Story at a glance

  • CDC Director Rochelle Walensky on Tuesday said the agency is ramping up testing and surveillance in collaboration with XpresCheck, a testing service at airport terminals, at four key international airports.
  • “This program allows for increased Covid testing for specific international arrivals, increasing our capacity to identify those with COVID-19 on arrival to the United States, and enhancing our surveillance for the omicron variant,” Walensky said.
  • The effort is an expansion of a biosurveillance program that started in September.

The Centers for Disease Control and Prevention (CDC) is expanding its current COVID-19 variant surveillance program at several major U.S. airports in an effort to detect the new omicron variant. 

CDC Director Rochelle Walensky on Tuesday said the agency is ramping up testing and surveillance in collaboration with XpresCheck, a testing service at airport terminals, at four key international airports around the country, including those that have direct flights to and from South Africa, where the variant was first discovered. 

“As we have done throughout the pandemic, CDC is evaluating how to make international travel as safe as possible, including pre-departure testing closer to the time of flight, and considerations around additional post-arrival testing and self-quarantine,” Walensky said during a White House COVID-19 briefing.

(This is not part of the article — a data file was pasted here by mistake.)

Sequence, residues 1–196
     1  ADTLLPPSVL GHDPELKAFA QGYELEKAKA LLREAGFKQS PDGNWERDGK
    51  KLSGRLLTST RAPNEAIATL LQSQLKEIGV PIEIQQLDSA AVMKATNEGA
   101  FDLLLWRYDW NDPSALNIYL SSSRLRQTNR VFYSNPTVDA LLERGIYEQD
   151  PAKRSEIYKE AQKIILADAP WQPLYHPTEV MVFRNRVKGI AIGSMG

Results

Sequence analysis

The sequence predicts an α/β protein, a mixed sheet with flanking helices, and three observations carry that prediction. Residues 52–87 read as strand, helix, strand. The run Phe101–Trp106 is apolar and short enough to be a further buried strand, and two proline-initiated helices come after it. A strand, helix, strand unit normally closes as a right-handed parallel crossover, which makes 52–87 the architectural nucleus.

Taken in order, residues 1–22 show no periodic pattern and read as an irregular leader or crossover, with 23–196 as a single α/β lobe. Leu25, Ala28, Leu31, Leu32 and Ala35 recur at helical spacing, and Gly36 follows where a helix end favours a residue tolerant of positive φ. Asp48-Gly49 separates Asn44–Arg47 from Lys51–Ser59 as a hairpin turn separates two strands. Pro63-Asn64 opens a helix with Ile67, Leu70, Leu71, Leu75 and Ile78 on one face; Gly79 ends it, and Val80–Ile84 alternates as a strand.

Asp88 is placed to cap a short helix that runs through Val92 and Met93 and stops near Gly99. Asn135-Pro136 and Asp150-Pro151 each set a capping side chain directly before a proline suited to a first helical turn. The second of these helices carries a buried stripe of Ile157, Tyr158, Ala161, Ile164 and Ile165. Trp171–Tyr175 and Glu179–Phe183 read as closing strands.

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“Currently, CDC is expanding a surveillance program with XpresCheck to JFK, San Francisco, Newark and Atlanta airports, four of the busiest international airports in the country,” Walensky said. 

“This program allows for increased Covid testing for specific international arrivals, increasing our capacity to identify those with COVID-19 on arrival to the United States, and enhancing our surveillance for the omicron variant,” she added. 

The program will test passengers entering the U.S. traveling from southern Africa, including those making connections through Europe, XpresCheck said in a release

Walensky said the agency is also working with airlines to collect passenger information that can be used to ramp up contact tracing efforts. 

The effort is an expansion of a biosurveillance program that started in September that provided testing for travelers from India at JFK, Newark and San Francisco airports. 

The Biden administration imposed travel restrictions from South Africa and seven other African countries in an effort to control the spread of the new omicron variant. 

The new travel restrictions do not apply to American citizens and lawful permanent residents, though they must show proof of a negative test prior to traveling to the U.S.


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Published on Nov 30, 2021